Authors: Derrick Wlodarz
If you build it, he will come. Or so goes the famous quote. I see this phrase as a metaphor guiding the recommendations of some solely profit-driven technicians in the computer repair and tech industry at large. Technology before purpose; technology above emotion; and the misnomer that technology sells itself.
These are all misguided principles in a digital age that is only becoming more entrenched both in work and personal aspects of life. While some companies, like Apple, can get away with creating blind demand for product, computer repair technicians need to follow more logical approaches to consulting their customers to avoid becoming seen as mere salesman at a big box retailer, itching for every dollar of margin they can drive.
Let’s face it. Budgets aren’t limitless. People’s emotions play a big part into how they purchase technology. And this is the heart of the reason why some customers will agree to pay for certain services over others. No matter how logical or clear something may seem to a technician, unless a certain need is filled by a piece of technology, its value is non-existent to a potential customer.
Time and time again, my company FireLogic is called in to clean up situations where technology was blindly installed to fill unwanted needs or to disproportionately replace other technology before it. This approach is very close to that of what smooth talking car salesman are good at doing. Up-selling vehicles with features people don’t need, or inflating the perceived needs gap so that people fall victim into purchasing more car than they originally intended. Computer repair technicians are in the business of not just pushing product – they are called on to provide unbiased, experienced judgement for the computing needs of individuals and businesses.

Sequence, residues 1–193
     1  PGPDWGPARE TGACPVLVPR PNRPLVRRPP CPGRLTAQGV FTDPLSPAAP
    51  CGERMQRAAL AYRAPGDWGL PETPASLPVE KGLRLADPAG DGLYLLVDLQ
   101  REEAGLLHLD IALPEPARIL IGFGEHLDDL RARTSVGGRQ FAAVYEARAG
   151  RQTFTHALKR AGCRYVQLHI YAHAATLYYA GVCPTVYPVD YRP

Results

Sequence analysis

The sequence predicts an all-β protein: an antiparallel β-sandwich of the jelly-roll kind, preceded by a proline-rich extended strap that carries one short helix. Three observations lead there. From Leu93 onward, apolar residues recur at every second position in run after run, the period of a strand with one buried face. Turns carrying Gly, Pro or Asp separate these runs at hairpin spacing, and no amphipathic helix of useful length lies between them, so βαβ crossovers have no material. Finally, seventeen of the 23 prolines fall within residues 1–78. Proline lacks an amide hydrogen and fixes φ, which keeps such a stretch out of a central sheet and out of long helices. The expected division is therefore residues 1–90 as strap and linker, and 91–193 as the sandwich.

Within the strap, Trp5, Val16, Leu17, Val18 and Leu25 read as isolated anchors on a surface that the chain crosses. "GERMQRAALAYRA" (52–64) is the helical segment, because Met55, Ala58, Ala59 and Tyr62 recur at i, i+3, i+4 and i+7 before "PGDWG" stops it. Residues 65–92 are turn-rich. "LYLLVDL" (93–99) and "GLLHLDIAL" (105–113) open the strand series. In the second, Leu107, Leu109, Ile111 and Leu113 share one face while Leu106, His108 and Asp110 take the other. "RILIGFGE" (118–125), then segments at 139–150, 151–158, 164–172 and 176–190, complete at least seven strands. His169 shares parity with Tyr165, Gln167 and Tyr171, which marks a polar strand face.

Don’t overlook customer emotions
I learned this fact the hard way after a proposed customer project fell flat before takeoff. We properly made the business, technical, and financial case for why a critical piece of software would be better suited being moved and upgraded to a different industry-standard platform. In the end, it doesn’t matter what system they were coming from or supposed to move to because ultimately the project sputtered before any proposal was approved.
What we clearly misjudged was the emotion that went into the product that the customer was using. The piece of software happened to be implemented and supported by a good friend of the customer, and even though our solution was cheaper, faster, and future-proofed, it didn’t matter in the end. The customer had an emotional tie to the platform which extended beyond the technical specs and bottom line surrounding the project. We could have pushed our case (and won) with almost any other business owner. But there was baggage that had to be realized here, and as a result, we backed away and considered it a dead end.
Don’t be afraid to concede defeat to a customer’s emotion. It’s a battle that, no matter how great new tech can be, will never win the hearts and minds of every customer you serve.
Perceived benefit doesn’t always match realized benefit